Most first-year MA-HRIR students have enough on their plates, what with their classes, group projects, and internship searches; few would even consider working while completing their degree, let alone  taking on a high-level consulting project. Nonetheless, nearly half of all first-year MA-HRIR students dedicate their time and talents to providing complementary business consulting to local non-profits as part of the Graduate Volunteer Consultants (GVC) program. The GVC program recruits Carlson MA-HRIR and MBA students to be business consultants, and connects them with local non-profits throughout the Twin Cities in need of services.


GVC Managing Partner Brandon Phillips, '15 MA-HRIR, raves about the unique opportunity. “There aren’t a lot of HR programs that are able to offer this kind of experience to their first-year students,” he says. “It is definitely part of the Carlson value proposition to be able to give [students] this opportunity.”

In fact, GVC has been recognized for its unique opportunities by many of its past clients. Hennepin EMS, Goodwill, and Children’s Cancer Research Fund are just a few of the non-profit corporations that first-year students have had the opportunity to collaborate with.

Phillips says there is a high demand for business consulting in the area, and the benefits are mutual for both clients and consultants. Most of the projects taken on by GVC are short-term and fast-paced. Consultants dedicate an estimated 5-10 hours per week to GVC work, which typically occurs during spring semester. Student consultants have developed a fairly streamlined process from start to finish. First, the consultants meet with the clients, and the clients give a basic overview of what their goals are for the final product. Then the consultants enter a data collection and research phase to create a base of knowledge for the project. After that, they spend time creating a report that can be utilized by their clients. Finally, they present their completed proposal to the nonprofit’s senior leadership team and their work is finished.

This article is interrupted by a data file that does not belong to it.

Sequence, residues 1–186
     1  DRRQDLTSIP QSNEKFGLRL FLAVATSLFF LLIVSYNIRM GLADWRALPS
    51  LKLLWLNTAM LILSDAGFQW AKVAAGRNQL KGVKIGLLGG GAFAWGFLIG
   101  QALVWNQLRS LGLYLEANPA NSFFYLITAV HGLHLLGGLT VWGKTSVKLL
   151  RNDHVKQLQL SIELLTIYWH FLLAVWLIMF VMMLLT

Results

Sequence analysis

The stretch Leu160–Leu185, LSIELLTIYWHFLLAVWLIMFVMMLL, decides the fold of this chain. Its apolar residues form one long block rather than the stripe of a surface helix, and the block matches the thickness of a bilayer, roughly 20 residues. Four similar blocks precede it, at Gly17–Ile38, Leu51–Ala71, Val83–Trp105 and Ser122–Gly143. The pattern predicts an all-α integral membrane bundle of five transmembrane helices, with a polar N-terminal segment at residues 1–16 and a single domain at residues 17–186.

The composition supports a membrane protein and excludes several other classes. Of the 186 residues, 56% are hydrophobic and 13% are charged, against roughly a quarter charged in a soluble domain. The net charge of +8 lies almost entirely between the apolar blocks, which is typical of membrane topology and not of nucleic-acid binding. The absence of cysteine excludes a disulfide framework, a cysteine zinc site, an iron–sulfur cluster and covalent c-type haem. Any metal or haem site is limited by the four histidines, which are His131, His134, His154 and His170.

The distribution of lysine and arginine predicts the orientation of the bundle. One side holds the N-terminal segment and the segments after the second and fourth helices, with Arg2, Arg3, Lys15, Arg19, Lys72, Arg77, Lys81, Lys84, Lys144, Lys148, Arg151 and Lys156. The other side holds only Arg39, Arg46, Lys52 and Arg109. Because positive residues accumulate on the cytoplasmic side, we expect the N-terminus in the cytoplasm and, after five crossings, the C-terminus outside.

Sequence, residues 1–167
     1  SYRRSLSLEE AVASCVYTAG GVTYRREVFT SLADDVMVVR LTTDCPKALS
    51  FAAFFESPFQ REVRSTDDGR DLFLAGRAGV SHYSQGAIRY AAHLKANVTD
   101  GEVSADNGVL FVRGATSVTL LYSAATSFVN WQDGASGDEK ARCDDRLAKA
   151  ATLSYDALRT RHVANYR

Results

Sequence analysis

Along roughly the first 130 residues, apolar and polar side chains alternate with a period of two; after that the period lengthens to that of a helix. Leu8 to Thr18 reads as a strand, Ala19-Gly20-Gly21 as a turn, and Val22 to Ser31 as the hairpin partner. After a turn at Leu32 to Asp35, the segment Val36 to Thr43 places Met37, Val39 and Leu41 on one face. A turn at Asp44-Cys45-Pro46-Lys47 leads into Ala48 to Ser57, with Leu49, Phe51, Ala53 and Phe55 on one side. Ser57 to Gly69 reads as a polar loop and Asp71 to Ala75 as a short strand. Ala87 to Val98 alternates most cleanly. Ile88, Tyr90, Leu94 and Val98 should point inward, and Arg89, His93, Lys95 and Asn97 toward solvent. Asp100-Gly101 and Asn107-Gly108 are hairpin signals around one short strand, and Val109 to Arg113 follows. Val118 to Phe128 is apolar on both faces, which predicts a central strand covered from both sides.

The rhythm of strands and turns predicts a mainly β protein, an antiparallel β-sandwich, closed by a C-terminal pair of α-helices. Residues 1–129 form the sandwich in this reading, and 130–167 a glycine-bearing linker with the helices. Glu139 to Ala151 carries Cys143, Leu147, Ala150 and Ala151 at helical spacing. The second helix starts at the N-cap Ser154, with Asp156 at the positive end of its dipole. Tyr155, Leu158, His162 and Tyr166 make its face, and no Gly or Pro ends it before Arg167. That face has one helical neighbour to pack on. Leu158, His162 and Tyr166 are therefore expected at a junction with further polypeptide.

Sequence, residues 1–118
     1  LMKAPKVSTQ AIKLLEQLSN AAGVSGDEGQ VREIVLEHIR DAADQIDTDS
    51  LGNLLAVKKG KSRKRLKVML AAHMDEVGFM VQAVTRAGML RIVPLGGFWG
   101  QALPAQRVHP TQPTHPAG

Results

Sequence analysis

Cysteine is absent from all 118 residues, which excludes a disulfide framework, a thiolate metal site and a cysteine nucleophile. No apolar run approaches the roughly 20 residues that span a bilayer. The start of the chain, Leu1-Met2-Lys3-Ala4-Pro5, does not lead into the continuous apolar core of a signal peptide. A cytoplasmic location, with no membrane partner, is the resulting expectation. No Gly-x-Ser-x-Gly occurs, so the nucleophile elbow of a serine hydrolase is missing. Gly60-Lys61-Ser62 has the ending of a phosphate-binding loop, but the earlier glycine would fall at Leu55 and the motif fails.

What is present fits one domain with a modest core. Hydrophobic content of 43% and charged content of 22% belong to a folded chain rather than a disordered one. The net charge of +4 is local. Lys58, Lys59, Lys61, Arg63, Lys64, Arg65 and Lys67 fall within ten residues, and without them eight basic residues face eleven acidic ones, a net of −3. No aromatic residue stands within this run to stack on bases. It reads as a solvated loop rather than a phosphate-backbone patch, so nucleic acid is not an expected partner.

Each non-profit typically “has nothing but positive things to say,” according to Phillips. “Every year we ask clients to give us feedback on the process and it’s very rare that they don’t have glowing things to say,” he notes. 

So what makes the GVC program so successful? “The projects are meant to stretch the consultant’s skills and experiences and give them 'real world' experience before graduating,” says GVC Managing Partner Meg Shoemaker, '15 MA-HRIR.

Beyond bi-weekly meetings with their clients, consultants are working with total independence, taking the reins on their project. “The consultants’ independence and autonomy allows them to use their creativity and other resources to come up with solutions that clients may not even have considered beforehand,” Phillips says. He also indicates that most consultants come in understanding the “mission-based values” that can set a non-profit organization apart from for-profit businesses.

Although most MA-HRIR and MBA consultants go on to work in corporate settings after graduation, they appreciate the experience they gain providing project management and consulting services for local non-profits. Shoemaker worked in a non-profit for three years prior to returning to school, so she was attracted to the collaboration with local non-profits; she became a consultant and eventually a managing partner.

Phillips is excited to complete an ongoing project with Metropolitan Council. “This is the first year we are working with the Metropolitan Council in order to provide consulting work on employee relation issues that they want a little more evidence on,” he says. “It’s a really exciting partnership for the students to be a part of.” 

Because most GVC consultants are first-year students, they often are learning about subjects in the MA-HRIR program simultaneously as they apply them to their projects.

Ultimately GVC immerses students in working with others for a worthy cause. Shoemaker says her experience “was a great opportunity to give back to the community and get exposure to working with real HR issues.”